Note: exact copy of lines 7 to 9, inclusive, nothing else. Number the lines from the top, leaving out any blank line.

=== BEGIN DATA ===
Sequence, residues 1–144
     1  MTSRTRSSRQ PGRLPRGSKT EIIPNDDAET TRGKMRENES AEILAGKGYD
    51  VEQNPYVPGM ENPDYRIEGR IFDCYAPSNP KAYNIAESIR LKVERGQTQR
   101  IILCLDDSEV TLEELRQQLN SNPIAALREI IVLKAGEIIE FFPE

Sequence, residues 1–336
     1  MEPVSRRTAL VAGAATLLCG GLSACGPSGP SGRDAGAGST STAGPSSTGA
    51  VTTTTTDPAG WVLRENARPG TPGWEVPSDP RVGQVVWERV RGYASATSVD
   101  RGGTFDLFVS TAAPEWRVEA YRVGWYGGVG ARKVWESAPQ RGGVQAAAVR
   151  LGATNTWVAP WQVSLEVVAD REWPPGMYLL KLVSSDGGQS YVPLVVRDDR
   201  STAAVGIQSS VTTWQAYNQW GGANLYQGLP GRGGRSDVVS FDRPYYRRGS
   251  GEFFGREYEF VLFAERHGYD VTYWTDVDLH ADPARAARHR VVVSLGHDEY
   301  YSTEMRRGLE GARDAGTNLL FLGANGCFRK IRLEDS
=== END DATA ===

    51  VTTTTTDPAG WVLRENARPG TPGWEVPSDP RVGQVVWERV RGYASATSVD
   101  RGGTFDLFVS TAAPEWRVEA YRVGWYGGVG ARKVWESAPQ RGGVQAAAVR
   151  LGATNTWVAP WQVSLEVVAD REWPPGMYLL KLVSSDGGQS YVPLVVRDDR